Just 1 000 pitch for Cape May Day rally
Cape Town - Criticism of the Democratic Alliance and the media featured strongly in speeches at the Congress of South African Trade Unions May Day rally in the Athlone Stadium here on Sunday.
Present at the rally were African National Congress president Jacob Zuma, Cape Town’s ANC mayoral candidate Tony Ehrenreich, SA Communist Party (SACP) secretary general Blade Nzimande as well as several ministers.
A low turnout of just more than 1 000 people at the 40 000-seater stadium did not seem to worry the speakers who took to the stage and condemned the DA for not doing enough for the poor people living in Cape Town.
Ehrenreich said the DA failed to provide proper public transport, health and education facilities for the poor.
The DA had in fact built them open air toilets, while the party took care of the rich, he said.
As mayor if the ANC won the upcoming local government election, he said he would ensure better health, education and housing in places like Khayelitsha, Mitchells Plain and Gugulethu.
He also promised to build houses for the poor in Constantia should the ANC win.
"The first thing to do is build homes for our people in Constantia where government owns land," he said to cheers from the crowd.
While the ANC was aware of the gap between the promises in the Freedom Charter and what was actually being done, the party had "done much for the people" and would continue to do so, he said.
He added that the ANC will win Cape Town and declare it a “decent work city”.
Nzimande agreed that the ANC would win Cape Town on May 18 and accused the opposition and the media of working together against the ANC.
He said the good that the ANC did was never written about instead the “bosses and their media” spread messages of “despair”.
“Yes there are many challenges… but the capitalist bosses and their media want us to lose trust in our vote and hope in our democracy.
“They want us lose confidence in the government we’ve voted for.”
Nzimande said the “bosses and their media” also continually tried to get Cosatu or the SACP to fight elections on their own because “they” wanted to divide majority power.
“Everytime we have an election, there is a whole media industry that clicks into action, supporting anything that is anti-ANC, anti-alliance.”
He described the DA as “two stooges and a madam” and urged people not to take them seriously as Cape Town was “the most unequal city” in the country.
It’s a city where the “rich are very rich and the majority are poor”.
Nzimande went on to urge people to vote for the ANC to place the economy onto a new job-creating growth path.
He said the new national growth path and industrial policy action plan would ensure a focus on job creation, decent work and sustainable livelihoods.
Zuma, who spoke to a much smaller audience as many people began to trickle out of the stadium by late afternoon, said that election provided an opportunity for the people of Cape Town and the province to make a new beginning.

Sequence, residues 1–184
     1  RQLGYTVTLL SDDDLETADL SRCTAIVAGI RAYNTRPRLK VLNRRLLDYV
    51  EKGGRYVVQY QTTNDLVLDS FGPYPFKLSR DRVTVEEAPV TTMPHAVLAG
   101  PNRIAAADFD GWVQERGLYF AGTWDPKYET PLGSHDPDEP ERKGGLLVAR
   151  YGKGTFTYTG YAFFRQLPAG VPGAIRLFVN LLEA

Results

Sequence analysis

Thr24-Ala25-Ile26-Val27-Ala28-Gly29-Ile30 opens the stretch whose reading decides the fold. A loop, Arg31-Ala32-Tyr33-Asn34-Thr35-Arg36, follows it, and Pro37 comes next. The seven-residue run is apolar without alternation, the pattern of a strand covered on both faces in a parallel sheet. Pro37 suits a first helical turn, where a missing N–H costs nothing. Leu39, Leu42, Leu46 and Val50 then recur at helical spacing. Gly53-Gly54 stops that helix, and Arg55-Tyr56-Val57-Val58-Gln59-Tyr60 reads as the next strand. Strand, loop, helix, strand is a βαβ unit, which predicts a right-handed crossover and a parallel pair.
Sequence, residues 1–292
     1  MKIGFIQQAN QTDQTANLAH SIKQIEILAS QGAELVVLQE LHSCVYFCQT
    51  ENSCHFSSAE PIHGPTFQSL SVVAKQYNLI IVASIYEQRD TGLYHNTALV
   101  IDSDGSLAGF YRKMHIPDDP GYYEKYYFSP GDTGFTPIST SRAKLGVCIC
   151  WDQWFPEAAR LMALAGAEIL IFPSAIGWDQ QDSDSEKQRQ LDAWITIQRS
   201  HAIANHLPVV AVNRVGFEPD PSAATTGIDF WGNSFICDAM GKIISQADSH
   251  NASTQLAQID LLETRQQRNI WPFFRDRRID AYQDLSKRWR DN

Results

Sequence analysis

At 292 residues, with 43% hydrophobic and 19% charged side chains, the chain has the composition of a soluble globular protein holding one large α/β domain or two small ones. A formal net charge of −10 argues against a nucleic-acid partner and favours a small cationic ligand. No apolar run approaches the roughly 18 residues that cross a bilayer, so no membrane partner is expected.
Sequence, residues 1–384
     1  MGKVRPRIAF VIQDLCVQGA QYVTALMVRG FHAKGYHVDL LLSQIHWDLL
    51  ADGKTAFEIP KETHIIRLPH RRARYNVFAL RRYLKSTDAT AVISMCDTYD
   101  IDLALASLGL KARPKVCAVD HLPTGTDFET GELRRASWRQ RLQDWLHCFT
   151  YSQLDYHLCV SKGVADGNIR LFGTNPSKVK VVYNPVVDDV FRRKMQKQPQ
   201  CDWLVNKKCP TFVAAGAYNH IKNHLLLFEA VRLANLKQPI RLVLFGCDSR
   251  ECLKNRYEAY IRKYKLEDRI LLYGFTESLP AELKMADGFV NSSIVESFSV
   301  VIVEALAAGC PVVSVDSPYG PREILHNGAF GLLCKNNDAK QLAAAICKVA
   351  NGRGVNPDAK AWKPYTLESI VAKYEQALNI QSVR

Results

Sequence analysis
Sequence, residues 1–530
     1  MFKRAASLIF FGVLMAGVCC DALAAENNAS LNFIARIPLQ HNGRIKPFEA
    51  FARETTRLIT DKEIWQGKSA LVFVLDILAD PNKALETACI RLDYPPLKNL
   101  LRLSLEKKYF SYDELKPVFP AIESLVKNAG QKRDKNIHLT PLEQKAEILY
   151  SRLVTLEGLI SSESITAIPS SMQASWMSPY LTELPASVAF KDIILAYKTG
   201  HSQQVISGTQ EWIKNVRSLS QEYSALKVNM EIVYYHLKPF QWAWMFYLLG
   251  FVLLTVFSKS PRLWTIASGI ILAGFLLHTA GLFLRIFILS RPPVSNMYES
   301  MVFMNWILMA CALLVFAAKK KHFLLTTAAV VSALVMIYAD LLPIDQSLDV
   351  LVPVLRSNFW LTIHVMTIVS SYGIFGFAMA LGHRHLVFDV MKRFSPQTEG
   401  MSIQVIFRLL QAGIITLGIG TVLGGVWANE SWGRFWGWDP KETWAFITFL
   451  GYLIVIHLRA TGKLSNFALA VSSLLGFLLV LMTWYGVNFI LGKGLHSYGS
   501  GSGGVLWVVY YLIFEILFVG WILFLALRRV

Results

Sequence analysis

“The elections provide an opportunity to make new choices that will take the province back to its proud non-racial and inclusive Congress tradition.
"This we can do by giving the ANC an overwhelming majority that would make it impossible for other parties to repeat what they did in the past, of ganging up against the ANC in Cape Town and the Western Cape.
“On the 18th of May, we must declare that the time has come to free Cape Town and the Western Cape.”
Zuma said the ANC had done much in terms of job creation, housing, education and of providing water and electricity to the poor, but he said the party was aware that much more needed to be done.
He said Cape Town was also a priority for the party and promised development in all sectors.
Zuma also assured that the alliance was strong and unified.
He said Workers' Day was a celebration of the alliance between the national liberation movement the ANC, the trade union movement and the vanguard of the working class, the SACP.
“The three components of the alliance work together in a special relationship, aimed at liberating our people initially from apartheid and colonial oppression, and from poverty, deprivation and general underdevelopment.
“We reaffirm this alliance, and commit ourselves to continue working together… On this day we renew our call for the unity of the Alliance, which was forged in struggle.”
Zuma also introduced 13 new members to the ANC from other political parties.
One of whom was the leader of the Twelve Apostles Church in Cape Town and a former member of the United Democratic Movement, Dumisani Ximbi.
Zuma said Ximbi’s followers at church, which numbered one million, were sure to follow him to the ANC and vote for the party on May 18.
Zuma, who had been in Cape Town since Saturday campaigning ahead of the local government election, would return to the city before May 18, spokesperson Jackson Mthembu said.